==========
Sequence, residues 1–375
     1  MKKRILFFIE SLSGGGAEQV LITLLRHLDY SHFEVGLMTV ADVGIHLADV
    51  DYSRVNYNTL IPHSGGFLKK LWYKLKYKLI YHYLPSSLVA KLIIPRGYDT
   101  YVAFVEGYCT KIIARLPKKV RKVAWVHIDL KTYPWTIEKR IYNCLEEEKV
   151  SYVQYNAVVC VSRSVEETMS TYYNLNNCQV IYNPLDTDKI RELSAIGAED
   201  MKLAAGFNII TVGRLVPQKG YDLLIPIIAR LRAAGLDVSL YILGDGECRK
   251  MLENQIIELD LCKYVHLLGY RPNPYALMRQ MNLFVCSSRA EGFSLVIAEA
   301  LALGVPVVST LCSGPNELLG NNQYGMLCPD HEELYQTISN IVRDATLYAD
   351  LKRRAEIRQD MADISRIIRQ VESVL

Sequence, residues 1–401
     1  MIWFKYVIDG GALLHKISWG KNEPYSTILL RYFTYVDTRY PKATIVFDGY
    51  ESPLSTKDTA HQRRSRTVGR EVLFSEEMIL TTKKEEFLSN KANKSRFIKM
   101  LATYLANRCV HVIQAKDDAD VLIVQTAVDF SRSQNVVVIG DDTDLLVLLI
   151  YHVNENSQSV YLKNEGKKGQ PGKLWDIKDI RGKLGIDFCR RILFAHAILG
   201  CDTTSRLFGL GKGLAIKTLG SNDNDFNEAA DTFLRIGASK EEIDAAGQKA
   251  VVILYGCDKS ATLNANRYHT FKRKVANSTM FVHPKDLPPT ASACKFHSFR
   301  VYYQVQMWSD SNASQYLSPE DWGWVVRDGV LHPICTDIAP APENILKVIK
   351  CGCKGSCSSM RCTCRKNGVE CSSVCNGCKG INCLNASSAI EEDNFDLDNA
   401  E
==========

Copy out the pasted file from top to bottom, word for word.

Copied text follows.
Sequence, residues 1–375
     1  MKKRILFFIE SLSGGGAEQV LITLLRHLDY SHFEVGLMTV ADVGIHLADV
    51  DYSRVNYNTL IPHSGGFLKK LWYKLKYKLI YHYLPSSLVA KLIIPRGYDT
   101  YVAFVEGYCT KIIARLPKKV RKVAWVHIDL KTYPWTIEKR IYNCLEEEKV
   151  SYVQYNAVVC VSRSVEETMS TYYNLNNCQV IYNPLDTDKI RELSAIGAED
   201  MKLAAGFNII TVGRLVPQKG YDLLIPIIAR LRAAGLDVSL YILGDGECRK
   251  MLENQIIELD LCKYVHLLGY RPNPYALMRQ MNLFVCSSRA EGFSLVIAEA
   301  LALGVPVVST LCSGPNELLG NNQYGMLCPD HEELYQTISN IVRDATLYAD
   351  LKRRAEIRQD MADISRIIRQ VESVL

Sequence, residues 1–401
     1  MIWFKYVIDG GALLHKISWG KNEPYSTILL RYFTYVDTRY PKATIVFDGY
    51  ESPLSTKDTA HQRRSRTVGR EVLFSEEMIL TTKKEEFLSN KANKSRFIKM
   101  LATYLANRCV HVIQAKDDAD VLIVQTAVDF SRSQNVVVIG DDTDLLVLLI
   151  YHVNENSQSV YLKNEGKKGQ PGKLWDIKDI RGKLGIDFCR RILFAHAILG
   201  CDTTSRLFGL GKGLAIKTLG SNDNDFNEAA DTFLRIGASK EEIDAAGQKA
   251  VVILYGCDKS ATLNANRYHT FKRKVANSTM FVHPKDLPPT ASACKFHSFR
   301  VYYQVQMWSD SNASQYLSPE DWGWVVRDGV LHPICTDIAP APENILKVIK
   351  CGCKGSCSSM RCTCRKNGVE CSSVCNGCKG INCLNASSAI EEDNFDLDNA
   401  E